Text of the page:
Addressing the pervasive inequality faced by women farmers across Africa, particularly in Ghana, is critical if the continent is to reduce poverty, create a balanced society, boost economic growth and feed its growing population.
African women farmers play a crucial role in the overall agricultural output of the continent. Two thirds of Africa’s citizens depend on farming for their livelihoods and more than 90 per cent of the poorest people, mostly African women, engage in agriculture.
What it means is that given equal access to productive resources, women farmers in Africa could increase farm yields by as much as 20 to 30 per cent.
However, due to the high incidence of inequalities in Africa, African women farmers are unable to make any meaningful gains from their farming work, leaving many of them in abject poverty.
For instance, a United Nations Research Institute for Social Development (UNRISD) 2022 report, titled; “Crises of Inequality Shifting Power For A New Eco-Social Contract,” published in October, which examines inequalities and how it is contributing to crisis in the world state that: “Inequality has been a driver, amplifier and consequence of multiple and overlapping crises—economic, social, political and ecological.”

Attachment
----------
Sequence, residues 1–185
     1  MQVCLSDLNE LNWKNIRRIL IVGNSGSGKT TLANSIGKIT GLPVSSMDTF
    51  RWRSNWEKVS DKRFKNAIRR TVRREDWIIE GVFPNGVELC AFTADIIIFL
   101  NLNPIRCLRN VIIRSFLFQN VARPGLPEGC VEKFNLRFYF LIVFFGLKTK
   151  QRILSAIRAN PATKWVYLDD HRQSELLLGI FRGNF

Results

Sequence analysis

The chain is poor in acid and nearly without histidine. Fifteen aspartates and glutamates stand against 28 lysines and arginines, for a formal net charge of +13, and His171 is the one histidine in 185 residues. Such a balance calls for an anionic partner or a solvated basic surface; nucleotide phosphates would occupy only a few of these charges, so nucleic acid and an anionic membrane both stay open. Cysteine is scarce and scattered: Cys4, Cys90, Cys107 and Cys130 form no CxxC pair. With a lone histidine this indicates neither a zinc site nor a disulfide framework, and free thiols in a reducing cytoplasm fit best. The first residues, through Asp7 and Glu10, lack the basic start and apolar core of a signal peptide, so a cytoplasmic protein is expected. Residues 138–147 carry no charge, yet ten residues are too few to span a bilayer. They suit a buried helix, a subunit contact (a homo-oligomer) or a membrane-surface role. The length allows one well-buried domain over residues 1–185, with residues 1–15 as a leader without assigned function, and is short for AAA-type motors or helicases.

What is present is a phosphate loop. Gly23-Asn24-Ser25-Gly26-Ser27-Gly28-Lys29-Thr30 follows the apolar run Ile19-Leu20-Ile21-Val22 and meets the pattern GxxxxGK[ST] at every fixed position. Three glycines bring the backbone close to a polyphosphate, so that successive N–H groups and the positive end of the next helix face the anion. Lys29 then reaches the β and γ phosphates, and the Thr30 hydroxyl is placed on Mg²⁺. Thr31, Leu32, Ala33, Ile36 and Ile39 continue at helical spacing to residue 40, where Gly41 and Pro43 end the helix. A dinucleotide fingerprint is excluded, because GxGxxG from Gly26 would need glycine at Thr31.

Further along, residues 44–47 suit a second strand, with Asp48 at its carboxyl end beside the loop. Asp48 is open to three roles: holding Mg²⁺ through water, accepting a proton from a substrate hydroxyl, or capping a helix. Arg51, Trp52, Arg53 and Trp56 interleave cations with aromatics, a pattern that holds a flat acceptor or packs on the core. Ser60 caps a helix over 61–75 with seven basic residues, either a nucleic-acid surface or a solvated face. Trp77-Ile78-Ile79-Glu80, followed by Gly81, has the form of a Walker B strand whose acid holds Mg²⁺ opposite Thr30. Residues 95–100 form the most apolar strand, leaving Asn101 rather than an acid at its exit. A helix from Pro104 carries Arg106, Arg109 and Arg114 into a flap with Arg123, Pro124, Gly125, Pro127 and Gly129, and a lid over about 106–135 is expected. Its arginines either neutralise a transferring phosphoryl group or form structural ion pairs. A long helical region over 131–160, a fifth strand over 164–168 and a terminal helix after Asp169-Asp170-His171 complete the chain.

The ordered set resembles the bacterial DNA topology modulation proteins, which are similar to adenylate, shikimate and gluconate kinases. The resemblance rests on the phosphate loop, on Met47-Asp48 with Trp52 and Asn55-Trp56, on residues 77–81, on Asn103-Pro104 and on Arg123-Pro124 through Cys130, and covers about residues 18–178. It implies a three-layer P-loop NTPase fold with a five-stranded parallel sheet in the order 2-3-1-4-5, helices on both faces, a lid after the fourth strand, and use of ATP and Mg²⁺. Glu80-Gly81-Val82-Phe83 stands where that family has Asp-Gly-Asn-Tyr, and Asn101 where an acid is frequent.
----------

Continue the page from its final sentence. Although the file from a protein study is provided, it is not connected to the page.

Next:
The result of inequality the reports indicates “is a vicious cycle which is disrupting the basis for human life on this planet and eroding prospects for a dignified and peaceful life for all” and that the vulnerable and marginalised groups, including women who face multiple intersecting inequalities, are worst affected, falling further behind.
Even though agriculture has an enormous potential to drive inclusive economic growth, improve food security and create job opportunities for millions of Africans, particularly for women farmers, due to inequalities, many Ghanaian women farmers are unable to compete fairly with their male counterparts due to the many bottlenecks created by inequalities.
Women contribute largely to agriculture by providing labour for weeding, planting, harvesting and processing of agro products resulting in 70 per cent of food crop production in Ghana. In Ghana, for instance, women constitute about 52 per cent of the workforce in the agricultural sector.
However, due to the high rate of illiteracy among women farmers, largely caused by inequalities (socio-cultural), it limits their ability to access and adopt improved agricultural technologies.